Meteorologically, it has been a near perfect spring; a gloriously bright, dry, and sometimes even hot April has allowed us to plough, spread muck, and plant – with just enough frost and chilly easterlies to keep us honest.
Most farmers self-isolate by choice anyway (it comes with the job); add to that the new-found appreciation for food, and I reckon we are the lucky ones. My heart goes out to those locked in flats, especially the young and their care-givers, and to less fortunate businesses.
There is still plenty of moisture in the soil at depth, but newly planted lettuces, pak choi and chard already need irrigation, to help their emerging roots reach the water below. In the polytunnels, the lettuces, rocket, baby chard, claytonia and mustard that we have been harvesting all winter are coming to an end; as temperatures rise and days lengthen, they become hell-bent on reproduction, throwing out seedheads rather than the leaves we want.
With the first tomato plants now arriving, we will spend a manic three weeks ripping out the winter salads, spreading compost, cultivating the soil, and replanting the tunnels with summer crops of tomatoes, cucumbers, basil, chillies, aubergines and peppers.
Outside, this will be the final week for harvesting purple sprouting broccoli, leeks and spring greens, with the last cauliflowers not far behind, before we plunge into the depths of the Hungry Gap and must wait for our newly planted crops to come through.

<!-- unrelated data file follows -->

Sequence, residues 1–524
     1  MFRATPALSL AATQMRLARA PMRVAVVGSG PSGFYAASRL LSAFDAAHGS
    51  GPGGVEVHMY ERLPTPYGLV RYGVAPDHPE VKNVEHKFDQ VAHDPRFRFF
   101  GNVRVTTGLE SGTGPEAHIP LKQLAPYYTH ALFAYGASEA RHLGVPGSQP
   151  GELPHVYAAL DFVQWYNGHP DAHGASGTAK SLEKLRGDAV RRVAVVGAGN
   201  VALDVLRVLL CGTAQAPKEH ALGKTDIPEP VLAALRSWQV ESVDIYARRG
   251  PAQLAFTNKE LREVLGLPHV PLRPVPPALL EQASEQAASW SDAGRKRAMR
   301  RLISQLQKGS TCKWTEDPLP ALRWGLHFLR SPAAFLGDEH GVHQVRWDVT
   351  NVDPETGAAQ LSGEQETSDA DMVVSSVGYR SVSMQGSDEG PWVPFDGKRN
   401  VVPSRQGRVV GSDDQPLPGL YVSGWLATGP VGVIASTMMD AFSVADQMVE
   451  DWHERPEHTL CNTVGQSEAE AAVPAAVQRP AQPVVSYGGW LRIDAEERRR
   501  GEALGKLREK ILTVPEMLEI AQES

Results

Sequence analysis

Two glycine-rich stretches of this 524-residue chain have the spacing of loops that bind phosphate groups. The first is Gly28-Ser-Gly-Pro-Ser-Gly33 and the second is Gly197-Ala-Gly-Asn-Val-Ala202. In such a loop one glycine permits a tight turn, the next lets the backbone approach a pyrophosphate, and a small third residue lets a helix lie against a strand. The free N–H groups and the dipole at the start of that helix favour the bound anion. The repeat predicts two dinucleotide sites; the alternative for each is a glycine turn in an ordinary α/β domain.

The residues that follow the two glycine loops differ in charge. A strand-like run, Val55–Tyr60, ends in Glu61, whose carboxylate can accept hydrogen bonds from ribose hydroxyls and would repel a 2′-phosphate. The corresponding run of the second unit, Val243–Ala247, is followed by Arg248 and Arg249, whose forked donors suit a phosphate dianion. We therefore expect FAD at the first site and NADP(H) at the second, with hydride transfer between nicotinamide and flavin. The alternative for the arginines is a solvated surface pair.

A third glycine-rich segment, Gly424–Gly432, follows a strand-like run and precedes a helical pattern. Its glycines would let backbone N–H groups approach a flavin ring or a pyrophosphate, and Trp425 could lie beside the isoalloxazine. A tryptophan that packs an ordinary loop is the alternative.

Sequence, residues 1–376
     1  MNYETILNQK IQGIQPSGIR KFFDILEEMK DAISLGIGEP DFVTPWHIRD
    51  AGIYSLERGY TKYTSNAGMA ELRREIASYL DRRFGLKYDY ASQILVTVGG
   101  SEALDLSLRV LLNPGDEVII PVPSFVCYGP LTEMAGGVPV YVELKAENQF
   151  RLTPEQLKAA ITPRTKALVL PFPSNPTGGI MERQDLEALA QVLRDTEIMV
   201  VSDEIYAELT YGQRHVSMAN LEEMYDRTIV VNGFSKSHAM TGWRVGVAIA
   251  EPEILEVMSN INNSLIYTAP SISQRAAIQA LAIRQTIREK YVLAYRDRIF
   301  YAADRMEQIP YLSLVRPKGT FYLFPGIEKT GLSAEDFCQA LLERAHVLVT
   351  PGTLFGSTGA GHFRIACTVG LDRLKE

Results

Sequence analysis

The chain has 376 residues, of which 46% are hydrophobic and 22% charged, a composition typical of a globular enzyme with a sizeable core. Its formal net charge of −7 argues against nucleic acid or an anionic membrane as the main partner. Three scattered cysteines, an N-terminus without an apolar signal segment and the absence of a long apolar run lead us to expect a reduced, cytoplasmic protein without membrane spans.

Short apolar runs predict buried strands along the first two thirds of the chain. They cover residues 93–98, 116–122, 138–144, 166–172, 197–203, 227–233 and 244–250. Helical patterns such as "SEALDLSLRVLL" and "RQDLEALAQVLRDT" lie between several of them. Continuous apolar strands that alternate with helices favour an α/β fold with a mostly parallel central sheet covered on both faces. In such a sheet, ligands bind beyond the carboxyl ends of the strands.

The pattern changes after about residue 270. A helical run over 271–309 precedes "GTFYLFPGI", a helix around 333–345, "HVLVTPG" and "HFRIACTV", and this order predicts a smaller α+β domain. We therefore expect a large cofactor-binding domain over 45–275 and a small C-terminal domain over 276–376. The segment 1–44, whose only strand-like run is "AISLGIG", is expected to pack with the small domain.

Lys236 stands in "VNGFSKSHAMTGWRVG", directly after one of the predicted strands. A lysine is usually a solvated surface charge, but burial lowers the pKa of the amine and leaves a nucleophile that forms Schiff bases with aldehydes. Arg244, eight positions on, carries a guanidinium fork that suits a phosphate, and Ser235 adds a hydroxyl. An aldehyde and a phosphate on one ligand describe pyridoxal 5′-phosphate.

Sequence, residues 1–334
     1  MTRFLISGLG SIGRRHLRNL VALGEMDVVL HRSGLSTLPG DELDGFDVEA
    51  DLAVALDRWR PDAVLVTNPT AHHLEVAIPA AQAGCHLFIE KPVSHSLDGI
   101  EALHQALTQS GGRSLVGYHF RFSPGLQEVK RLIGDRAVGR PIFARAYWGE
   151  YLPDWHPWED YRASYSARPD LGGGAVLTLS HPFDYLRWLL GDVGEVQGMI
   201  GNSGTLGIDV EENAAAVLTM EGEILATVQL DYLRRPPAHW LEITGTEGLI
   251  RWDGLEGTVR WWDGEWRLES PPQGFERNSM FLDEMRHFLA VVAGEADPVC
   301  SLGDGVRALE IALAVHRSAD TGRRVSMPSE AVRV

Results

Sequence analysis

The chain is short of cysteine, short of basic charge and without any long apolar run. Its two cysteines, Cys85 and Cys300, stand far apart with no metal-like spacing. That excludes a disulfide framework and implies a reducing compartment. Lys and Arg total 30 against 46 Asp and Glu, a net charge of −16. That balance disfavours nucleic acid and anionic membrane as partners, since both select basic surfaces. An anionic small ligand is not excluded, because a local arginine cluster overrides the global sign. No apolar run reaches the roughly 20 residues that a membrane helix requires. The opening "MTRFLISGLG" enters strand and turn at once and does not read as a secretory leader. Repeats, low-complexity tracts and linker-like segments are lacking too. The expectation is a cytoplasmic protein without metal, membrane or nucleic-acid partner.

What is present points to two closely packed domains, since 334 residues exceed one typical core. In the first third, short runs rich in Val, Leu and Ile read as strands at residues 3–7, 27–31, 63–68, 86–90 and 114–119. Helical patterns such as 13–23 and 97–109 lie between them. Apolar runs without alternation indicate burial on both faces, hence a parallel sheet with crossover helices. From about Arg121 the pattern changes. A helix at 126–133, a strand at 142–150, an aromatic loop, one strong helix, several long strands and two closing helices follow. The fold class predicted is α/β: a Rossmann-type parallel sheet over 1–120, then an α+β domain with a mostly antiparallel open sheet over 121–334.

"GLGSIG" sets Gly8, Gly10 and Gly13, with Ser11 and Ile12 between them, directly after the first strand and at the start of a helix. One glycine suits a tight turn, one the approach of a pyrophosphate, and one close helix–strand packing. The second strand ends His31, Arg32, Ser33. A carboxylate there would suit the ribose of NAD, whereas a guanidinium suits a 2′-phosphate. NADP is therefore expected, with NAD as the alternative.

We have one more week of foraging for wild garlic in some north-facing woods before their leaves go yellow and lose flavour; as the tree leaves above emerge to shade them out and end the season, the plants put their last energy into flowering and forming the bulbs that will carry them through to next spring.
Our farm offices are almost empty, as anyone who can do so adjusts to working from home. As well as the carbon savings of far fewer people driving to work, early signs are that many of us are actually able to get more done. Necessity really is the mother of invention; these changes to our ways of working that could and should have happened anyway have been massively accelerated with, to everyone’s surprise, relative ease.
I hope that when this is all over, we are all more willing to consider embracing other changes that we want and our planet needs, with the same openness that we have embraced these changes which have been forced upon us.